Popular ESG Funds Do Little To Curb Oil Demand

Interest in companies with substantial environmental, social, and governance (ESG) credentials hit a record high in 2021.

With ESG-focused exchange-traded funds attracting about $120 billion globally last year, oil and gas producers can no longer afford to ignore the trend. So far, U.S. producers have responded by cutting spending on new drilling projects and allocating more capital on decarbonization and low-carbon – read “clean energy” – ventures.

While a stepped-up effort to reduce carbon emissions is needed if we have any chance of meeting national climate goals, the popularity of ESG-based funds has done shamefully little to reduce demand for fossil fuels. This has created a situation where feel-good investment funds are starving investment in new production – leaving oil markets hurtling toward a supply crunch and price spike.

The Biden administration has made big promises about tackling climate change but implemented few concrete policies to reduce demand for petroleum products. 

Biden aims to make the United States a net-zero carbon emitter by 2050 and promises 100 percent carbon-free electricity by 2035. He has also set a target of a 50 percent electric vehicle sales share in 2030 and recently pledged to slash methane emissions by 30 percent by the end of the decade. 

Biden has also targeted oil and gas producers directly. He killed the Keystone XL pipeline that would have sent Canadian oil across the United States to Louisiana ports, he’s working to block oil and gas leasing on federal lands and waters, and he’s urged the OPEC cartel to increase supply to reduce rising oil prices rather than turning to domestic producers for help. 

The net effect has been twofold. It’s intensified investors’ interest in companies with high ESG scores by putting climate policy above energy security on the White House agenda, and it’s made U.S. oil companies wary of investing in new drilling. Investment rates are expected to remain near record low levels in 2022.


That’s not the message an administration wants to send a critical business sector during a global pandemic and a period of rising inflation. At the same time, crude prices are steadily marching toward $80 a barrel, consumer gasoline prices are at a seven-year high of nearly $3.50 a gallon, and inflation is at over 7 percent. 

Back to those climate targets, Biden has shown little follow through on how he plans to achieve them. 

Biden’s Build Back Better legislation was stripped of its most aggressive climate proposals, including a clean electricity standard and carbon tax, by members of his own party worried about how they would play with voters back home.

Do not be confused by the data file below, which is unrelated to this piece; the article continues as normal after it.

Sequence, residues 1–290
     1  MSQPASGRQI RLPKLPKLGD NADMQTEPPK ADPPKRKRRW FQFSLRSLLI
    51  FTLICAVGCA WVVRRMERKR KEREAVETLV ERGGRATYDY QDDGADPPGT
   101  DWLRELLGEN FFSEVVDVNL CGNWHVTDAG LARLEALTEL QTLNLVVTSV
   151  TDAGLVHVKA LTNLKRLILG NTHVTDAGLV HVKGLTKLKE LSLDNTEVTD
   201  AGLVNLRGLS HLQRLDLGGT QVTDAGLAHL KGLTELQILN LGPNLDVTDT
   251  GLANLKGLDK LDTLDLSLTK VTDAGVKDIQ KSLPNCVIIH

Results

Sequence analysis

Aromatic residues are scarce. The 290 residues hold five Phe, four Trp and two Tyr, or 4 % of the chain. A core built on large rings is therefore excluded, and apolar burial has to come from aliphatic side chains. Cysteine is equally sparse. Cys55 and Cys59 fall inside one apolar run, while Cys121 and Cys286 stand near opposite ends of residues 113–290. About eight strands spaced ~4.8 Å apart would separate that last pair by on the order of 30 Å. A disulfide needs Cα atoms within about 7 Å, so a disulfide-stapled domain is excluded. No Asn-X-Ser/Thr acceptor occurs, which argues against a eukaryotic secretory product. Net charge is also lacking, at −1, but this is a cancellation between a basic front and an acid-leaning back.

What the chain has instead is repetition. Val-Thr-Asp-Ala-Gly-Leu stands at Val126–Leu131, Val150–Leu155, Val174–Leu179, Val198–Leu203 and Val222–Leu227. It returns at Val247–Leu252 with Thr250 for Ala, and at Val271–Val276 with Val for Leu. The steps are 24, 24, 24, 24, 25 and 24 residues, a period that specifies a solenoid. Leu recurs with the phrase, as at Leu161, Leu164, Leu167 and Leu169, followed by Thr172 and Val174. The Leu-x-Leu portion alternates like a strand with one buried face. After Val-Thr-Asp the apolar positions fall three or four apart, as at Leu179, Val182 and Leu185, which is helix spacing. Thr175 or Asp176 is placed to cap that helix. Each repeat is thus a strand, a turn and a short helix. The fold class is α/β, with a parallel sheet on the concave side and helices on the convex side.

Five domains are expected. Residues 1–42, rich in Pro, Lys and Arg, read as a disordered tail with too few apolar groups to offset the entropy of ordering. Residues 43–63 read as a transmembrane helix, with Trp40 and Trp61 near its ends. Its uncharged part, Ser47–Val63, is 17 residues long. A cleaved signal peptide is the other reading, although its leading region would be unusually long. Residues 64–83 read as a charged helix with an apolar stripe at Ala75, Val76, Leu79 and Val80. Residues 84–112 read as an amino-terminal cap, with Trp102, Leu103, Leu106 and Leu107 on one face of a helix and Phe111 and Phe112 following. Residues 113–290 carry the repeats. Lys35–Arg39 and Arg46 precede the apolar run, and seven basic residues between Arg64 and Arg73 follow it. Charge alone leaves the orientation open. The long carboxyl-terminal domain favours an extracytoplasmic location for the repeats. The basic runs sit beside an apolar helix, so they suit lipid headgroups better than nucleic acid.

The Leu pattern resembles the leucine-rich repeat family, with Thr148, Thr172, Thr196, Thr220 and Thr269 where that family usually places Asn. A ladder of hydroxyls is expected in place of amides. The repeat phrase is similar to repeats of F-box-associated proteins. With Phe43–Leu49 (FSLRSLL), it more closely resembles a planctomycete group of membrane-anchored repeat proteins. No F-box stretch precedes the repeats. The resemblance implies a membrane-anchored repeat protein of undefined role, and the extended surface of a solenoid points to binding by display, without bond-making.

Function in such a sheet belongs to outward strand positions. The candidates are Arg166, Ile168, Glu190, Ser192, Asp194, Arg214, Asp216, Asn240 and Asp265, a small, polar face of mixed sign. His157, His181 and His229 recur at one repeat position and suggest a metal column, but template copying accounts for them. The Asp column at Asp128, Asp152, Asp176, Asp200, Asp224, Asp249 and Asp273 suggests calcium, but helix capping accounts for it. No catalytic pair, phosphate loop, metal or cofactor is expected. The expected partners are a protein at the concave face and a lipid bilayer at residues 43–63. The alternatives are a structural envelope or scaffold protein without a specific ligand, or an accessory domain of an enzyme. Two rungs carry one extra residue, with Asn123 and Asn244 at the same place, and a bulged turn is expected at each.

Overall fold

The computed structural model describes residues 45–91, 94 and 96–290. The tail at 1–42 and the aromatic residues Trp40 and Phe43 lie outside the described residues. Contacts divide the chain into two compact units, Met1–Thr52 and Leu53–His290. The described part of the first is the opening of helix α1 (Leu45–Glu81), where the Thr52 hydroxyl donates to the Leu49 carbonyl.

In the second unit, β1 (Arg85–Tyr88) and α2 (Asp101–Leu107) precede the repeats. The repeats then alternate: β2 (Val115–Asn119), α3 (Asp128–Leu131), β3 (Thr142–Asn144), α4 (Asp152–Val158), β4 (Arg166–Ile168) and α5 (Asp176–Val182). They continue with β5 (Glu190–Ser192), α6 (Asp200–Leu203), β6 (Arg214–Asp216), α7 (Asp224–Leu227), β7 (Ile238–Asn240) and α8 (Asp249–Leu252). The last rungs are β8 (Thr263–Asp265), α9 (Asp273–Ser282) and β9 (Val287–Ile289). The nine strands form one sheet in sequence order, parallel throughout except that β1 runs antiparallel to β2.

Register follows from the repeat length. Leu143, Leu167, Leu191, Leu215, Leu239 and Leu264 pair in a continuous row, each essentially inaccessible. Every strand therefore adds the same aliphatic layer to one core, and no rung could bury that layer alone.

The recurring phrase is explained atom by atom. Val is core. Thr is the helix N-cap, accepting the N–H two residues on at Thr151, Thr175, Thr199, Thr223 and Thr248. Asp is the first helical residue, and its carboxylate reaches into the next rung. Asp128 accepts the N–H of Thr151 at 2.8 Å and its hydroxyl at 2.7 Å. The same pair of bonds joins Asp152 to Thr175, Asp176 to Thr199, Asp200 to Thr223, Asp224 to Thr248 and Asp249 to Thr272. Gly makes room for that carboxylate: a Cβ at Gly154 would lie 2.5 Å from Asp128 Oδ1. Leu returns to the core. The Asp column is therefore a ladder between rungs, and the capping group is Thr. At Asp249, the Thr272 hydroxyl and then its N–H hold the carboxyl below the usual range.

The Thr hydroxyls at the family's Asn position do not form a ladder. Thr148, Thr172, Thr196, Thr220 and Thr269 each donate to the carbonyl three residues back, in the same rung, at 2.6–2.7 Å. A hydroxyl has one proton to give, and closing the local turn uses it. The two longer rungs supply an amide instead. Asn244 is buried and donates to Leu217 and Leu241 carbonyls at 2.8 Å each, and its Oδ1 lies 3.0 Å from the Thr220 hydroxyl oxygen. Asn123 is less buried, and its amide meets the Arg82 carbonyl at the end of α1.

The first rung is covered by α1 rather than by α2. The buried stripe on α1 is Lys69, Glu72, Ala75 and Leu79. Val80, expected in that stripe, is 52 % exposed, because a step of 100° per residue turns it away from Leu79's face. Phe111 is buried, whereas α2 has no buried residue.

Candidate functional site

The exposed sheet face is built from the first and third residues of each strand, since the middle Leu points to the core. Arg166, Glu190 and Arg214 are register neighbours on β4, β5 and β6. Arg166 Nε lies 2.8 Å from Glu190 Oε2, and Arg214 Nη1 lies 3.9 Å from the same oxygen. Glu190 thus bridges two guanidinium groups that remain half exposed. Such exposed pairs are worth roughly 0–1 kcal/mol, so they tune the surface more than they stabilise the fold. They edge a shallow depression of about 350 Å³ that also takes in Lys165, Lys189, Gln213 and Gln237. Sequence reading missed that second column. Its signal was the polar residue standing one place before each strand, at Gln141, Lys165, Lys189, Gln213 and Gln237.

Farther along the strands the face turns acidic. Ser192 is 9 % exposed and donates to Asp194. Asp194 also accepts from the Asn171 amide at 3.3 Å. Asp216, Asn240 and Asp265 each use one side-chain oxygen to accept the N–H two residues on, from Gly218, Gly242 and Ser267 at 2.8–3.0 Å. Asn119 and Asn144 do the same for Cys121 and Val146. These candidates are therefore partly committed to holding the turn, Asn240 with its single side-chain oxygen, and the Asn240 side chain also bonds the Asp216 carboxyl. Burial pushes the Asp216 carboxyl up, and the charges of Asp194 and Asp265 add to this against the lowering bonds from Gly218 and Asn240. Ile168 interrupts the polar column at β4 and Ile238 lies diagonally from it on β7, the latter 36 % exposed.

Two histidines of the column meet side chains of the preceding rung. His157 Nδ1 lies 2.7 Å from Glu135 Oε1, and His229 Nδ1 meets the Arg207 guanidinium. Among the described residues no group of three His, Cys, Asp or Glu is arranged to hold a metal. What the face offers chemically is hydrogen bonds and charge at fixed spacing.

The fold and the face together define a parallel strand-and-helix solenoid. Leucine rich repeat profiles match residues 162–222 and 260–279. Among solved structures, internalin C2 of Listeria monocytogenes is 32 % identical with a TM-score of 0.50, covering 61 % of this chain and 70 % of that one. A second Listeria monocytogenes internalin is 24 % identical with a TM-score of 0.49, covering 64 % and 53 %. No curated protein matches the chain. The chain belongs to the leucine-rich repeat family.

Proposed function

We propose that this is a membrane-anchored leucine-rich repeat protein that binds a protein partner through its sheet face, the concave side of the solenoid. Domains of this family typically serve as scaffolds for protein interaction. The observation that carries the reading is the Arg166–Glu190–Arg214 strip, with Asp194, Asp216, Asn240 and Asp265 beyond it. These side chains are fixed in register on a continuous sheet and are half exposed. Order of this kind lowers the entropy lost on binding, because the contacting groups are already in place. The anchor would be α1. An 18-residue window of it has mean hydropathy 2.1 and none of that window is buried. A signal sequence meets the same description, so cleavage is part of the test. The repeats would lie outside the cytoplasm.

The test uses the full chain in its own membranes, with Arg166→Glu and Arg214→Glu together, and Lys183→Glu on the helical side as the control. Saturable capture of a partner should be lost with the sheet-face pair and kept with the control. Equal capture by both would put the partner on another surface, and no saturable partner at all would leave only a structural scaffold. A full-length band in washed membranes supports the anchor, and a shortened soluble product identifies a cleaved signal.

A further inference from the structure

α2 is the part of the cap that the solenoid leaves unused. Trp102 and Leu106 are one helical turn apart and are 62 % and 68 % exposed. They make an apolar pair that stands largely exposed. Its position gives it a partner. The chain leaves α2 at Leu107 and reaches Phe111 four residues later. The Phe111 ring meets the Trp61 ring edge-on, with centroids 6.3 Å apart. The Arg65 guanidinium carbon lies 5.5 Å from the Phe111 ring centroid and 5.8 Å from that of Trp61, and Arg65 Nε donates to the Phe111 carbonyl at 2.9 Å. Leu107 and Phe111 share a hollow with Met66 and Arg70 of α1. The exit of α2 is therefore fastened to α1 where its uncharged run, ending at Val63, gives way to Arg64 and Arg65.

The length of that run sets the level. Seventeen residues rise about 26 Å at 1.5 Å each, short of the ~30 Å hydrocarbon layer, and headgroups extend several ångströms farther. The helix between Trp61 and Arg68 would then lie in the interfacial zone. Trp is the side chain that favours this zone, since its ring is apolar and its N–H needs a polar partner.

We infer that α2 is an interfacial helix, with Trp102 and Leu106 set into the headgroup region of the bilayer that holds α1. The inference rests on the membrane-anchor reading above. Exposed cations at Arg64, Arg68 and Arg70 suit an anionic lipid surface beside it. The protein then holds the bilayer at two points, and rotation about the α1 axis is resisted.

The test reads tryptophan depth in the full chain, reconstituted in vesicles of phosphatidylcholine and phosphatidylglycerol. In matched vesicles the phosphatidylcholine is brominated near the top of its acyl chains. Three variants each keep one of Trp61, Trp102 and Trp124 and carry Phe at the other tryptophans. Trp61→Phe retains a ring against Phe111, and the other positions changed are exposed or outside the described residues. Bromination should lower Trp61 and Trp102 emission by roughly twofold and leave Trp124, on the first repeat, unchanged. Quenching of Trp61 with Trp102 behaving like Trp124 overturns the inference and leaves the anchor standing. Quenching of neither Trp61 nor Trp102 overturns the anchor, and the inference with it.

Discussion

His leasing ban was rejected by a federal court as an overstep of executive authority – though the administration is expected to redouble its efforts to restrict access to federal areas by fossil energy companies in the new year. Biden’s pleas to OPEC for increased production were largely ignored. Indeed, only the arrival of Omicron and subsequent concerns about its potential to impact the global economy have made a dent in demand, and therefore, in rising oil prices. 

The United States is currently producing roughly 11.7 million barrels a day. The nonpartisan Energy Information Administration (EIA) expects U.S production to reach an average of 12.1 million barrels a day by the fourth quarter of next year. While that’s considerable growth, output would still be roughly 1 million barrels a day below the pre-pandemic peak of late 2019. 

Resource adequacy is not the issue. The United States is blessed with abundant natural resources. The oil and gas sector could be doing much more to ensure America’s energy supply was affordable, secure, and reliable if it had the support of federal policymakers and Wall Street. 

As we enter 2022, it’s clear the ESG movement has had a far more significant effect on investors’ psyches than on consumer demand for petroleum products. The disconnect 

The price of oil is set in the global marketplace. The EIA sees worldwide demand rising by 3.5 million barrels a day in 2022 to an average of 100.5 million barrels a day – essentially returning to pre-pandemic levels. 

It’s time policymakers come to terms with the fact that wishing for the transition to universal electrification won’t bring it about. While the growing trend of ESG-driven investment places constraints on the financing of new drilling, consumer demand for gasoline, plastics, and other petroleum products increases. 

If the Biden administration wants to avoid an energy crisis on top of a pandemic and rising the worst inflation in generations, it should acknowledge that the energy transition will take decades to unfold and that fossil energy will be necessary to power the economy for decades to come. 

What better way to achieve the transition than to lean on America’s vast oil and gas resources – an industry that supports more than 11 million jobs – to keep energy prices affordable while policymakers and markets sort out the messy business of changing energy consumption patterns?

Achieving that goal will be a Herculean task for the fossil fuel-dominated energy system, which demands about 20 million barrels of liquid fuels every day. 

Moreover, America’s oil producers are already busy decarbonizing their operations due to investor ESG pressure. ExxonMobil XOM will have net-zero emissions in the Permian Basin of West Texas by 2030. None of the OPEC producers can’t make similar claims.


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